Jonathan Swift: Poems
Epistemology and Explicitation in a Selection of the Prose and Poetry of Jonathan Swift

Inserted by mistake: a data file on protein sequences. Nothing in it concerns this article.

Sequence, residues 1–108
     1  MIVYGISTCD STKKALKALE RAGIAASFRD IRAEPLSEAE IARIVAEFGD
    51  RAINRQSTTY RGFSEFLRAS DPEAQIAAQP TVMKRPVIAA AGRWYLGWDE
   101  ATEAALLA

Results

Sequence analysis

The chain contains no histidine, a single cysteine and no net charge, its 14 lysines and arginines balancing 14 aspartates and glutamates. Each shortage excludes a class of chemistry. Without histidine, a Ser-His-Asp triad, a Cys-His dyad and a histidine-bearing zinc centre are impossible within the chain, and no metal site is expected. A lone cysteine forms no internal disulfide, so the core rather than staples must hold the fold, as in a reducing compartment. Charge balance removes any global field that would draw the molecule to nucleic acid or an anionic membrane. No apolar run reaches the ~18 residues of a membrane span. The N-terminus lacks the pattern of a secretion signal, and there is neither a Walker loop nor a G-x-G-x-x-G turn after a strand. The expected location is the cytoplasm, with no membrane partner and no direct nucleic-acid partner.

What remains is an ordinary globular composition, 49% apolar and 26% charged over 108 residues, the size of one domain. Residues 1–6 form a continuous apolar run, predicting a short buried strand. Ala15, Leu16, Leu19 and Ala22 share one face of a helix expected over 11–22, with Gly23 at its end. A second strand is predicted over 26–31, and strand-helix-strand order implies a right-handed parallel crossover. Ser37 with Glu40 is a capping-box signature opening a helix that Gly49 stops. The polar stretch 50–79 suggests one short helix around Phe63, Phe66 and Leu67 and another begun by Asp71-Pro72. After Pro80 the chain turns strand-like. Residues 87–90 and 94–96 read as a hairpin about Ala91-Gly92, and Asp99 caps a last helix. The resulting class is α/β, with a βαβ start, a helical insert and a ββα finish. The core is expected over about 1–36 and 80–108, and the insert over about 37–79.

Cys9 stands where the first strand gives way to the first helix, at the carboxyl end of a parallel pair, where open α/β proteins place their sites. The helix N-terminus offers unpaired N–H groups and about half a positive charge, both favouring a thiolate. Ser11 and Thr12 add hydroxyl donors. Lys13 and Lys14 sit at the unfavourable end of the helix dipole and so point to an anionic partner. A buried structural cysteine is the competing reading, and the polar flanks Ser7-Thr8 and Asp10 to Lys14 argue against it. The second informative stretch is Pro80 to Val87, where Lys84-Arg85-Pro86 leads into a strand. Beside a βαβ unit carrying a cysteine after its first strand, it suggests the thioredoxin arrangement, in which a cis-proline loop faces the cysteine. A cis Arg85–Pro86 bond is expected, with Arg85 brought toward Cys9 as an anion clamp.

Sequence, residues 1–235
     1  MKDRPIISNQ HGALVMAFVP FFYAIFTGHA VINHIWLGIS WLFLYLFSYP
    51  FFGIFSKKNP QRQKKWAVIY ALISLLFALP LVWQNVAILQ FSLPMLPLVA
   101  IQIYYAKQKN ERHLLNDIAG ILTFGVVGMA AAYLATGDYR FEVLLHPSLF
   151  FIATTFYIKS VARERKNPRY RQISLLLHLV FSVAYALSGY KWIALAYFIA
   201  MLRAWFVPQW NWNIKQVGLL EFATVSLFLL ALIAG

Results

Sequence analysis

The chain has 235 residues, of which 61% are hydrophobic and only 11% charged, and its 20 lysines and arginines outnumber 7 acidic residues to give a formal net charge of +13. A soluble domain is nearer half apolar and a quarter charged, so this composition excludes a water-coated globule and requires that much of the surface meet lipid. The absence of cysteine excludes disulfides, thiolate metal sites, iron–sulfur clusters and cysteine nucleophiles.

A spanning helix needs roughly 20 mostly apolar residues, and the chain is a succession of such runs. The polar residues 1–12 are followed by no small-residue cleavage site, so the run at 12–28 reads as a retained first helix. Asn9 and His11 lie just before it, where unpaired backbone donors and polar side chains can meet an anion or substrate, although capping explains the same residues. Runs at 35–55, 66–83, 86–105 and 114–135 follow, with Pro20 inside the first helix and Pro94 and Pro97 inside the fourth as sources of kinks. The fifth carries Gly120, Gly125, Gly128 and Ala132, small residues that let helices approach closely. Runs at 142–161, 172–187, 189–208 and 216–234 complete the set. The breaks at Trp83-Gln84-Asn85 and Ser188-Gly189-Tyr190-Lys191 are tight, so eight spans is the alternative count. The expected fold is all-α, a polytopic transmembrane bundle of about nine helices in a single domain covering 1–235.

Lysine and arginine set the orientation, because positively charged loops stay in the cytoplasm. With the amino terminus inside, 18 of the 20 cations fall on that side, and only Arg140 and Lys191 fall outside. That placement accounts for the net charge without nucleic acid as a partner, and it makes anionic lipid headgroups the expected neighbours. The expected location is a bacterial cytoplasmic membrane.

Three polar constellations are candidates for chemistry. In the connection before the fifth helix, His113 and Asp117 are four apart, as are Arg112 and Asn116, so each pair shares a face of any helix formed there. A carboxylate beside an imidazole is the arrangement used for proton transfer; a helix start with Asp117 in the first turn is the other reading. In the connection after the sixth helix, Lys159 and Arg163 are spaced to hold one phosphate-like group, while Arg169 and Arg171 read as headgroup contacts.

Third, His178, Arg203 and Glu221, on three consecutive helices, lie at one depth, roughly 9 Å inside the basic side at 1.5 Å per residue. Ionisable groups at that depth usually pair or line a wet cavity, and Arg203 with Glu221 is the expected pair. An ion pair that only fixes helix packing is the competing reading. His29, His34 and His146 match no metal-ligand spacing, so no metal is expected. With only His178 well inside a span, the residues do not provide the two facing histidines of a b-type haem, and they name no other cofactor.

I want to outline in this essay some of the ways in which Swift's texts - in particular the shorter prose works and the poetry concerned with the female body - take up and make explicit contradictory philosophical positions. Much time and critical effort has been spent attempting to trace some unifying philosophical thread through the maze created by these and other of Swift's writings, when such a thread may be elusive to the point of vanishing altogether.1 It seems possible that one cause of this critical need to establish consistency in Swift is the influence of Postmodernist thought, which tends to cause a conditioned response to eighteenth century literary works in which the instinctive move is to look for that which totalizes, compartmentalizes, reveals a master narrative or supplies a clearly defined linear teleology. If, however, this kind of pre-imagined consistency proves unavailable, the critic is left with the notion of a multi-vocal, polychromatic Swift which should not, perhaps, be so surprising as there seems nothing alien to the intellectual trends of early-eighteenth century England in Swift's assumption of positions that appear radically opposed to one another. Periods of transition necessarily...
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